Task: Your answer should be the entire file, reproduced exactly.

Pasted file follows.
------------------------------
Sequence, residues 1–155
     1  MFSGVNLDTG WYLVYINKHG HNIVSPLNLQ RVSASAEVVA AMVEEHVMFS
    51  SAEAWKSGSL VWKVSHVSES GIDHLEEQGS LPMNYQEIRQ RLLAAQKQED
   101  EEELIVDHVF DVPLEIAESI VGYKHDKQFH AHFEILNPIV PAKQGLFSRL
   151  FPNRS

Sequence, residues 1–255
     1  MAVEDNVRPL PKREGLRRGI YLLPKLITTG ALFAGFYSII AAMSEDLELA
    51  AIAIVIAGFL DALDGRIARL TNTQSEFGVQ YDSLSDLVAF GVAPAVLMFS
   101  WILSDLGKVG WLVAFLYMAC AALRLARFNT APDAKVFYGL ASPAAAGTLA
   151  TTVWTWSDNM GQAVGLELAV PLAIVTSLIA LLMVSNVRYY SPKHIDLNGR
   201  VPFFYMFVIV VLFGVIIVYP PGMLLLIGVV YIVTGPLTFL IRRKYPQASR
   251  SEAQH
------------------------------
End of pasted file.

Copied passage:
Sequence, residues 1–155
     1  MFSGVNLDTG WYLVYINKHG HNIVSPLNLQ RVSASAEVVA AMVEEHVMFS
    51  SAEAWKSGSL VWKVSHVSES GIDHLEEQGS LPMNYQEIRQ RLLAAQKQED
   101  EEELIVDHVF DVPLEIAESI VGYKHDKQFH AHFEILNPIV PAKQGLFSRL
   151  FPNRS

Sequence, residues 1–255
     1  MAVEDNVRPL PKREGLRRGI YLLPKLITTG ALFAGFYSII AAMSEDLELA
    51  AIAIVIAGFL DALDGRIARL TNTQSEFGVQ YDSLSDLVAF GVAPAVLMFS
   101  WILSDLGKVG WLVAFLYMAC AALRLARFNT APDAKVFYGL ASPAAAGTLA
   151  TTVWTWSDNM GQAVGLELAV PLAIVTSLIA LLMVSNVRYY SPKHIDLNGR
   201  VPFFYMFVIV VLFGVIIVYP PGMLLLIGVV YIVTGPLTFL IRRKYPQASR
   251  SEAQH